The Kura - Japanese Art Treasures

Robert Mangold has been working with Japanese antiques since 1995 with an emphasis on ceramics, Paintings, Armour and Buddhist furniture.
Antique Japanese Scroll, Oni in Priests Robes by Soryu

Antique Japanese Scroll, Oni in Priests Robes by Soryu

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Directory: Antiques: Regional Art: Asian: Japanese: Paintings: Pre 1900: Item # 1492548

Please refer to our stock # Z094 when inquiring.
The Kura
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23 Murasakino Monzen-cho
Kita-ward Kyoto 603-8216
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Long verses fall like rain upon the sinister figure of an Oni (type of devil) dressed in the habit of a priest who glares as he walks through the village, banging out a warning to all evil-doers. Around his neck hangs a bell which he clangs loudly with the hammer held high in one hand. The stern figure carries in the other hand a booklet titled Hogacho. A Hogacho is a record of the name and quantity of persons who donated (hoga) for projects such as the construction and repair of temples or shrines and the publication of scriptures. In the case of the Oni, his Hogacho records the sins and misdeeds of humans for payment in the after world. On his back is an umbrella. Ink on paper in a simple brown cloth border with highlights of Kinran gold in the Ichimonji above and below with dark lacquered wooden rollers like the shift of a priest moving to reveal the regal robes beneath. It is 39.7 x 179 cm (15-1/2 x 70-1/2 inches) and has been completely cleaned and remounted.
The Oni, often depicted as hulking, fearsome creatures with horns, sharp claws, and a menacing appearance, are a prominent feature in Japanese folklore, Buddhist lore, and broader Japanese culture. Their role and representation have evolved over time, encompassing a range of meanings and functions across different contexts.
In folklore, Oni are typically portrayed as malevolent spirits or demons representing chaos, destruction, and malevolence. They are often depicted as ogre-like beings with red or blue skin, wild hair, and tusks. They are known to cause mischief, bring calamities, and even consume human flesh. Oni are common antagonists in folktales, serving as the embodiment of evil and chaos. However, Oni can also have more nuanced roles. In some stories, they are not purely evil but rather more complex characters with a potential for redemption. Thus in Buddhist tradition, Oni take on additional layers of symbolism. They are often seen as the enforcers in hell (Jigoku), punishing the wicked for their sins. In this context, Oni are agents of karmic retribution, ensuring that sinners face the consequences of their actions. This role reinforces the moral lessons of Buddhism, emphasizing the importance of virtuous behavior to avoid suffering in the afterlife. Sometimes the concept of Oni in Buddhism is more metaphorical, representing inner demons or the obstacles one must overcome on the path to enlightenment. They symbolize inner struggles with the vices and negative emotions such as anger, greed, and ignorance that hinder spiritual progress.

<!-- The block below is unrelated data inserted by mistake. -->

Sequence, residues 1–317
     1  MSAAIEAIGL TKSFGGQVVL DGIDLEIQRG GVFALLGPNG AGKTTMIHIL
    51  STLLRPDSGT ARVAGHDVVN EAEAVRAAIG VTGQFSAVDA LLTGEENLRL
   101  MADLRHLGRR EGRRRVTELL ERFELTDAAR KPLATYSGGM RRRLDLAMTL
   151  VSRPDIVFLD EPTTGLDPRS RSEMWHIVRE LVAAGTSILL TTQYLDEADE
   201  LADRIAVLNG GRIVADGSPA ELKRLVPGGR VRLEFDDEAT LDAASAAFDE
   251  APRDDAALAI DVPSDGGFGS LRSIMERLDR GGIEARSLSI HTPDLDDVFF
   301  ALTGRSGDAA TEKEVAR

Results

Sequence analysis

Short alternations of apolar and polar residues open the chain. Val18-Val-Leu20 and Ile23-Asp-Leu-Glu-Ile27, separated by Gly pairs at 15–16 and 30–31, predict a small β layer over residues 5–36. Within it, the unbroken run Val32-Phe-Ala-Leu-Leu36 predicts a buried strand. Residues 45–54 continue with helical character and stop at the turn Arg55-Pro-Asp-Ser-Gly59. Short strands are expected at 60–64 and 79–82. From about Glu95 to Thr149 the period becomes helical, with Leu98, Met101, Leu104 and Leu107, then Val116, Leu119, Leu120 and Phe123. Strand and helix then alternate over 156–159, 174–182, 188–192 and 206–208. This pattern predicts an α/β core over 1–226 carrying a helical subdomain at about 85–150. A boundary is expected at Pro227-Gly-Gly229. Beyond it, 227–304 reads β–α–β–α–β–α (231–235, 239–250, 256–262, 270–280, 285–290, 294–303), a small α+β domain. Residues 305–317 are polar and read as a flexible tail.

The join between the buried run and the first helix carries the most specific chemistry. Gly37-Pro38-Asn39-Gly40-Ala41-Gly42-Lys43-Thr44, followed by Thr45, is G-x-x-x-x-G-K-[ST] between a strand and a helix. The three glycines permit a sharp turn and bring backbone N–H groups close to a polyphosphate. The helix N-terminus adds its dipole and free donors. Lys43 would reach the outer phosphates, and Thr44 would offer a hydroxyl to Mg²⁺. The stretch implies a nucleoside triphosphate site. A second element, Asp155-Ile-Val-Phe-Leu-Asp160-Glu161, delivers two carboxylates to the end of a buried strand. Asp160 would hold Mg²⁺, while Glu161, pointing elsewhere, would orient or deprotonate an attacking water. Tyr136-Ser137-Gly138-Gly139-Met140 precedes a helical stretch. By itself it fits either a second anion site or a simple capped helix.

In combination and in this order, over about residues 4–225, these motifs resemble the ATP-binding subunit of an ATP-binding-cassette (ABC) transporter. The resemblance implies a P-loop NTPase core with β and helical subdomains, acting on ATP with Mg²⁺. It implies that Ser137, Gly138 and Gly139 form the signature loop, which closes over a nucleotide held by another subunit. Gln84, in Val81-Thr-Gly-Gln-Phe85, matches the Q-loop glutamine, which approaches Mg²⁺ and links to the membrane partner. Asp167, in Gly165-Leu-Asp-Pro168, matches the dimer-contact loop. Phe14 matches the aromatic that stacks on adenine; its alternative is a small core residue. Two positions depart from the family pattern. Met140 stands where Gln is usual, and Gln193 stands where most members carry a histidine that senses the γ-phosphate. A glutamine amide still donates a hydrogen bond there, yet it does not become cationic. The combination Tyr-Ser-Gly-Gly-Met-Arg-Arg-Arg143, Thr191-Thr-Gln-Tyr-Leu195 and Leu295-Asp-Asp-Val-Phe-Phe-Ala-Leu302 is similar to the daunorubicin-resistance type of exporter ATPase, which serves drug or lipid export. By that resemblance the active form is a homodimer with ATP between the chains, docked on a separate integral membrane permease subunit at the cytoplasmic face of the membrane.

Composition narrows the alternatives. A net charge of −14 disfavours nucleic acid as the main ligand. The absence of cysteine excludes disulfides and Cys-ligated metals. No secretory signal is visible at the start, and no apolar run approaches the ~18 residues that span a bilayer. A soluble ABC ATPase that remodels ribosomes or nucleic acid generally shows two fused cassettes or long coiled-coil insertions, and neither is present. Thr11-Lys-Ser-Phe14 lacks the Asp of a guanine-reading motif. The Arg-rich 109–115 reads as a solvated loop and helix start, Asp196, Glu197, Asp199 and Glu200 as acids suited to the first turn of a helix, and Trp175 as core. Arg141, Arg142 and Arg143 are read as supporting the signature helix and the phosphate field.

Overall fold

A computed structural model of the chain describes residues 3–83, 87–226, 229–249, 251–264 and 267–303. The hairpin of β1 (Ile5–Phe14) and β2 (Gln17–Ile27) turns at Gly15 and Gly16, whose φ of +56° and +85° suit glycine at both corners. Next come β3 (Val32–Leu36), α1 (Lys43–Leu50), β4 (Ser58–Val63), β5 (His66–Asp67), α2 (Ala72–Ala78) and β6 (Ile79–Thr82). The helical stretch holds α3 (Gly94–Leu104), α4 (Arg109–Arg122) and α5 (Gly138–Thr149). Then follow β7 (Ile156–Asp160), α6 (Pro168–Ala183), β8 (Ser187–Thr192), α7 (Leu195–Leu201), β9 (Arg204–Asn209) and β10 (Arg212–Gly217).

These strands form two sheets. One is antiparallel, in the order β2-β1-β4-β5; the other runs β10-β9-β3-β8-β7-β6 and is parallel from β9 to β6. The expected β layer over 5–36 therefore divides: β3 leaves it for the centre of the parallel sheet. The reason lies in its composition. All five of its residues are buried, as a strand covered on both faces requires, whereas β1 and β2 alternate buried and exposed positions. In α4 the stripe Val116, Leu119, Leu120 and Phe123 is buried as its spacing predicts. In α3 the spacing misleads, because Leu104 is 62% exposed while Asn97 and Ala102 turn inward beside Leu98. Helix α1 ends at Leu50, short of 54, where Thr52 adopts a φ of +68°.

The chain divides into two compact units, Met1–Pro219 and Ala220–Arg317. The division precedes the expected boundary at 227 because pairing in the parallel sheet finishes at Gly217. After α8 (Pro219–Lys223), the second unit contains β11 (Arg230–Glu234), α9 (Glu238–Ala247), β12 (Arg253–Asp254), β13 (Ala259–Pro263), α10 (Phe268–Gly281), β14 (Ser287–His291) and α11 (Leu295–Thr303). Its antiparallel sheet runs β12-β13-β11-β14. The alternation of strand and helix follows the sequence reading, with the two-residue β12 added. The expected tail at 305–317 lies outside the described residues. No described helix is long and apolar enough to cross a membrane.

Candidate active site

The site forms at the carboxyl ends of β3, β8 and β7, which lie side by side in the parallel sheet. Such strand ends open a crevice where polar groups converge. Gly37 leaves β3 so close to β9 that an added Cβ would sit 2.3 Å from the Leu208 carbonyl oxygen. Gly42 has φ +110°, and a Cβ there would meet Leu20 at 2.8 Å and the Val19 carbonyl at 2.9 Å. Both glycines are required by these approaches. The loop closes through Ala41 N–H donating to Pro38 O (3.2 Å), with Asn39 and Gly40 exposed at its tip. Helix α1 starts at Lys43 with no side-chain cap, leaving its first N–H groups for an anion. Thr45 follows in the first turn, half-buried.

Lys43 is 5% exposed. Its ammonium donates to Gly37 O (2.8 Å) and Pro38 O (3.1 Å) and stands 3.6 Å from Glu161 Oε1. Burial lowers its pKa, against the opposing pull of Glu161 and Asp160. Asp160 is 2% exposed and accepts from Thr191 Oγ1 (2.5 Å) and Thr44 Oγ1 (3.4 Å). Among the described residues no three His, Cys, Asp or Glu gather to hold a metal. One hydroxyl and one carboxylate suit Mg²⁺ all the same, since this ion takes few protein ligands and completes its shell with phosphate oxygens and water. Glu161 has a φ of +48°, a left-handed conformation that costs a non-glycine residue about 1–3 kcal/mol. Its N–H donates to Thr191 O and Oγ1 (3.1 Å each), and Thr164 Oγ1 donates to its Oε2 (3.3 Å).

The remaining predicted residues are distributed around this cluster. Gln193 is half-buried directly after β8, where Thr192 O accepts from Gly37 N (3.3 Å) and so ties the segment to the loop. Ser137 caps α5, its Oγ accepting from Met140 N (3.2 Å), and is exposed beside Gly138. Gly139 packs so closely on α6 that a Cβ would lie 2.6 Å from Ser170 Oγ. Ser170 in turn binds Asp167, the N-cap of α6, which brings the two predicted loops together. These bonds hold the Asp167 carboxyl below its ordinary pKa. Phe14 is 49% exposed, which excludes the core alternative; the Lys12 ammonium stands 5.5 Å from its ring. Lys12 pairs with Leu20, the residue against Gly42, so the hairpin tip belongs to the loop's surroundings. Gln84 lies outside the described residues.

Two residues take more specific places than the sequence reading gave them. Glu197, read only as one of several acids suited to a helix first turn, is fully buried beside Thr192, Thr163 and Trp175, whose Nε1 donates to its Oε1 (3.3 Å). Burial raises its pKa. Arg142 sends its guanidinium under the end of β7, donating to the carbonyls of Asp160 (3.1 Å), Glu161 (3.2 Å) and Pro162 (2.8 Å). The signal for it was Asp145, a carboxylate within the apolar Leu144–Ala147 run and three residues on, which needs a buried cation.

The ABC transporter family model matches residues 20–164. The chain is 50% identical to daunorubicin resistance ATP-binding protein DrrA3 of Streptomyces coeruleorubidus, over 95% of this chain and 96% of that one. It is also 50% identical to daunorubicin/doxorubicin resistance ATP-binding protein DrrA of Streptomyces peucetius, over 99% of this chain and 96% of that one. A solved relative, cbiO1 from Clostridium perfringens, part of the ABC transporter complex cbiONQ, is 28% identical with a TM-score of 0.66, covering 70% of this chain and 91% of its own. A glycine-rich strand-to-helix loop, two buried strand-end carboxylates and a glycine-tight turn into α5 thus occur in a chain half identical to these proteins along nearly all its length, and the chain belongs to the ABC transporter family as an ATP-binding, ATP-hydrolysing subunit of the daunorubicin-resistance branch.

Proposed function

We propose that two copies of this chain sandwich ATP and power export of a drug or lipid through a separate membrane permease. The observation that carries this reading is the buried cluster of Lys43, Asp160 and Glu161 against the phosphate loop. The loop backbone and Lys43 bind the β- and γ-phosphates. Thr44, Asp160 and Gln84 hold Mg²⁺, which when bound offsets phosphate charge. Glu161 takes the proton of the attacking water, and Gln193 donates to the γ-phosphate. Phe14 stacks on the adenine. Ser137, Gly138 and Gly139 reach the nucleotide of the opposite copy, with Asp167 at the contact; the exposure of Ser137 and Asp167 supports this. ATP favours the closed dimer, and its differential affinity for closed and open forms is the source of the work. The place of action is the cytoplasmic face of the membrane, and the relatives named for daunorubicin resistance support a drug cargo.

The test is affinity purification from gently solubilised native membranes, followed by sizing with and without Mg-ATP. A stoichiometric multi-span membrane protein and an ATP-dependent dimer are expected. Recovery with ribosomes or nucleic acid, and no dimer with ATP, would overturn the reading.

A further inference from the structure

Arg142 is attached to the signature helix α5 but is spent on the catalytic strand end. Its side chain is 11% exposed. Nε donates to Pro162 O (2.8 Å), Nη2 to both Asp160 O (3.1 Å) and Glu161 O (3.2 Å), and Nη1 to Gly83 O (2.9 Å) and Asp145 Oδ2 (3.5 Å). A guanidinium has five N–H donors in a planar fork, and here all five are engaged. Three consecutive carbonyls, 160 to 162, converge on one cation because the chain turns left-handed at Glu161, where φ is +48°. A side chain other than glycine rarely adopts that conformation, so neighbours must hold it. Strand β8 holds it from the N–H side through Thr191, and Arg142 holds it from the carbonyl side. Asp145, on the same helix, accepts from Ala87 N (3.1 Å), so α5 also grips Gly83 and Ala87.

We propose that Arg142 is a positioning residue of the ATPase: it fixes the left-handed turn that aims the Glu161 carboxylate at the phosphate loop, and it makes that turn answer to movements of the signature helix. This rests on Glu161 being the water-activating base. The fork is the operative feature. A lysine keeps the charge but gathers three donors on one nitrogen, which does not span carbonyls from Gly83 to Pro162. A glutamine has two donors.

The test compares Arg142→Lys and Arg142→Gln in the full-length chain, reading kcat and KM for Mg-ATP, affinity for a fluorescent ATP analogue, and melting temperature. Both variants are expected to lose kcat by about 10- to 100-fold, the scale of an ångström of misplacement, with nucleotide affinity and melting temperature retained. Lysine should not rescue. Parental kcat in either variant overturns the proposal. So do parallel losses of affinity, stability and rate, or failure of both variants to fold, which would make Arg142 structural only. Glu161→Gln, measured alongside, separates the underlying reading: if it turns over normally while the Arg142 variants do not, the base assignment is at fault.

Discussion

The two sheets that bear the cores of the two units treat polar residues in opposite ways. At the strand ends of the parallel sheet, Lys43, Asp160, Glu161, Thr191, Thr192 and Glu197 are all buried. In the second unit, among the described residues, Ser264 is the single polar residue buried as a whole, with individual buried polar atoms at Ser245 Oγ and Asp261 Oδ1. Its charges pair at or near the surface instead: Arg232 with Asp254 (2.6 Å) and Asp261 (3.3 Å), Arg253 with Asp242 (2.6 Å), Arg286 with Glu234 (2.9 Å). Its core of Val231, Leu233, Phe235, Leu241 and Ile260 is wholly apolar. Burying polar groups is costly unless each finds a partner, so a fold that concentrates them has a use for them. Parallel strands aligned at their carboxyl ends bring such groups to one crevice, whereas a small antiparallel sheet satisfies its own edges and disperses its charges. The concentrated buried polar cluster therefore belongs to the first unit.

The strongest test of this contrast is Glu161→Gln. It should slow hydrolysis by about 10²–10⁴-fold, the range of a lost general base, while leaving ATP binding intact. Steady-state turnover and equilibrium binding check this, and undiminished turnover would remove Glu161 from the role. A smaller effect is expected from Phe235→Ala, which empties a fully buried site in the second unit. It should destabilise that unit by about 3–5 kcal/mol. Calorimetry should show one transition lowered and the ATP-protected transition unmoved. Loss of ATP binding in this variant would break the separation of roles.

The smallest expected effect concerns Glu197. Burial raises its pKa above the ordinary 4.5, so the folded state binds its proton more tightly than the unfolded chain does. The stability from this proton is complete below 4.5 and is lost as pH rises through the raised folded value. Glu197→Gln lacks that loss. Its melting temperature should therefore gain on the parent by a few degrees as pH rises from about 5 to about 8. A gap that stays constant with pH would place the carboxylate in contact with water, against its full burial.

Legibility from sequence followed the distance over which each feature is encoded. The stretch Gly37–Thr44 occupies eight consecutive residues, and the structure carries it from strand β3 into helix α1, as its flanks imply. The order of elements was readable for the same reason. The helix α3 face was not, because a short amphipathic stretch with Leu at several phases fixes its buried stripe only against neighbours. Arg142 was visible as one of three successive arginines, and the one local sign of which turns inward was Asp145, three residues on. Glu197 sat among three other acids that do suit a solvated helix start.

In contemporary Japanese culture, Oni have become more multifaceted. They appear in various media, including literature, art, film, and video games, often with different interpretations. While they still retain their traditional fearsome attributes, they are sometimes depicted in a more humorous or sympathetic light. For example, the Oni character in the popular manga and anime "Dragon Ball" is portrayed as a bureaucratic worker in the afterlife, adding a humorous twist to their traditional role. They also feature prominently in cultural festivals such as Setsubun, celebrated on February 3rd during which people perform rituals to drive away evil spirits. One common practice is the throwing of roasted soybeans (mamemaki) while chanting "Oni wa soto, fuku wa uchi" ("Oni out, good fortune in"), which is meant to cleanse the home and welcome good luck.
The enduring presence and adaptability of the Oni in Japanese culture underscore their significance as both a reflection of societal values and a versatile symbol in the collective imagination.